Raising people out of poverty
Bill recently became one of the first residents to move into My Place, a temporary transitional shelter on Yates Street that we re-opened in December.
As Bill immediately stored his belongs under his new bunk, he had two things on his mind: laundry and a hot shower.
His thankfulness and gratitude for the stabilization he has found brought many of us to tears, and we are overjoyed that we can now move him further along on his journey back to healing and wellness.
A Pathway Out Of Poverty
When I look out of the windows from Our Place on Pandora, I see a veritable flock of large metallic cranes constructing new buildings in our downtown core. While part of me relishes the thought of more and much needed housing, another part of me wants to turn this economic boom into a positive for the most vulnerable citizens in our community.
It’s far too easy to dismiss people without jobs as being “lazy”, but that hasn’t been my experience. Instead, I see all the barriers that must be hurdled in order to secure employment in the first place. The people who I see on a daily basis at Our Place shouldn’t be lumped together as facing the same challenge. Some have been abused from birth and never stood a chance at school; others have anger issues stemming from trauma and mental health issues; some have suffered injury and/or brain damage; and others have been told all of their life that they are worthless.
We’re going to change this.
Making A Choice For Recovery
I sat down to lunch in the Our Place dining room recently to chat with several of the people who rely on us for their daily meals. To be honest, it’s one of my favourite parts of the day as it allows me to connect directly with the men and women Our Place is there to help.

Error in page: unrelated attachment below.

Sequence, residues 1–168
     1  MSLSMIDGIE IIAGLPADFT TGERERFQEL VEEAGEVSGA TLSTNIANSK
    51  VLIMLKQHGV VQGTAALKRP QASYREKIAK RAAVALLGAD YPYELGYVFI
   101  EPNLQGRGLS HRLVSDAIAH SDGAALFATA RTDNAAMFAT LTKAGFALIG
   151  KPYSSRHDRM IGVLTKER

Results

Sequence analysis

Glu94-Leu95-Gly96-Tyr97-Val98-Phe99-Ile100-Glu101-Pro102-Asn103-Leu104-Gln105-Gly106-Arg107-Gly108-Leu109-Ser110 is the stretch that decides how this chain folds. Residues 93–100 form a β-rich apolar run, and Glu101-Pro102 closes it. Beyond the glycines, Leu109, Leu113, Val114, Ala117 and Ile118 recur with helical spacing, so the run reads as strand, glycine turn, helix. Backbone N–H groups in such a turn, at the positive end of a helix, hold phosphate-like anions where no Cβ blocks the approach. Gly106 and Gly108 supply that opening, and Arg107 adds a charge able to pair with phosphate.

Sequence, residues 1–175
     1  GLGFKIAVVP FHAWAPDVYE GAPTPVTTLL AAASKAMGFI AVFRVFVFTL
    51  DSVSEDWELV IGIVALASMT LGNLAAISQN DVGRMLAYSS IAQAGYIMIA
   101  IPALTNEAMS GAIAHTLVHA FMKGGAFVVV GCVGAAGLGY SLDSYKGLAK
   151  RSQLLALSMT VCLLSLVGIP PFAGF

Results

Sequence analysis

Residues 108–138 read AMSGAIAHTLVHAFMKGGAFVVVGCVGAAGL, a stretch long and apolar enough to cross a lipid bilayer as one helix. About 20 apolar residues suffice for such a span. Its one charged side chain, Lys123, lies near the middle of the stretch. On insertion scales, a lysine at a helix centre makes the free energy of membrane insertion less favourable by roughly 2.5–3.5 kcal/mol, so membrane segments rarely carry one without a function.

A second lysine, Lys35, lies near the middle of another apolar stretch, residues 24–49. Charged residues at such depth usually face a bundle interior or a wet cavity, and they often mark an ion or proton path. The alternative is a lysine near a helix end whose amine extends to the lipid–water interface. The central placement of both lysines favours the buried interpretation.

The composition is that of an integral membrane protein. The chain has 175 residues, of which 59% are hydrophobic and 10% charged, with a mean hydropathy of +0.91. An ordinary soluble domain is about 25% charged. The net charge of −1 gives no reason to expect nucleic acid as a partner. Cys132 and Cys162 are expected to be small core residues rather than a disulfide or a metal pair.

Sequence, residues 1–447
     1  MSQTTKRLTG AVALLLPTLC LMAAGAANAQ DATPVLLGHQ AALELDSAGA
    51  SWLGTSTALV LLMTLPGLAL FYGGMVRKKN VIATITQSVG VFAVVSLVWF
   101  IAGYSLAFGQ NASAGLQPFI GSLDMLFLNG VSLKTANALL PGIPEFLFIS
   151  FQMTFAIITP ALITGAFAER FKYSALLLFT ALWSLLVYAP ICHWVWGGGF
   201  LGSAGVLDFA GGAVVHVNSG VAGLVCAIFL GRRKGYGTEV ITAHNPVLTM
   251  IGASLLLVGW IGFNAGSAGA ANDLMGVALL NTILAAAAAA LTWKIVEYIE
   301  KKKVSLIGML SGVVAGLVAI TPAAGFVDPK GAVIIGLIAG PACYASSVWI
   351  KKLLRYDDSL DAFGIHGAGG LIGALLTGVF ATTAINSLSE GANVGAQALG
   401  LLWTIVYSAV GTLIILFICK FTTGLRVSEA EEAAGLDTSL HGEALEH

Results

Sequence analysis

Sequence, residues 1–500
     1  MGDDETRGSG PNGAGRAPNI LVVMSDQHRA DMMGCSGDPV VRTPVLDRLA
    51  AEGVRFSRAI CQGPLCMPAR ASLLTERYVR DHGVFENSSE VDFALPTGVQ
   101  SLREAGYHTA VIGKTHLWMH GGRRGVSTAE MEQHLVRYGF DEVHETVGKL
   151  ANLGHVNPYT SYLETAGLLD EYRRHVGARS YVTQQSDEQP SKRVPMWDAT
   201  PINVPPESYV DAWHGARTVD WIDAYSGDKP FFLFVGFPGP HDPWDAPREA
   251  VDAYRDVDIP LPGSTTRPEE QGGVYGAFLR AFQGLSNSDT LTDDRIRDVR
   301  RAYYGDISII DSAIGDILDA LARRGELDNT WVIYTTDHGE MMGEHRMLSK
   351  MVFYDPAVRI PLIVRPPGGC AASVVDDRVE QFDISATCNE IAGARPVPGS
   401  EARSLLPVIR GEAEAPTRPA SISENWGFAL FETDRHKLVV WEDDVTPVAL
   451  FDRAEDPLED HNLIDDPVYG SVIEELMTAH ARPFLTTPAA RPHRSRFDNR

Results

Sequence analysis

One man, in particular, caught my attention and we began to talk. He was down on his luck, using drugs to mask his pain, but glad for the bowl of homemade soup, salad and bread on offer that day. When I asked what was bothering him, he said he knew he was going to end up back in prison soon because he was starting to commit crimes to feed his drug habit. He had tried short-term treatment programs in the past, but none had worked and he didn’t know where to turn.
This is a story that I hear too often. Someone suffering on the street, dealing with his or her addiction, only to get involved in criminal activity and end up in prison.
Now, in my opinion, this is where the story should change.
There is a drug-overdose crisis in our community
I attended a memorial service at Our Place recently for a man who I had come to know for far too brief a time.
The outpouring of love, affection and sadness over his passing would come as a surprise only to those who didn’t know him. Because, while he was part of the family at Our Place, to the outside world he was labelled something far different.
Having lived on the streets, this imposing but gentle man wore his share of demons, the deadliest of which is addiction.
He died too young, and sadly he’s not alone.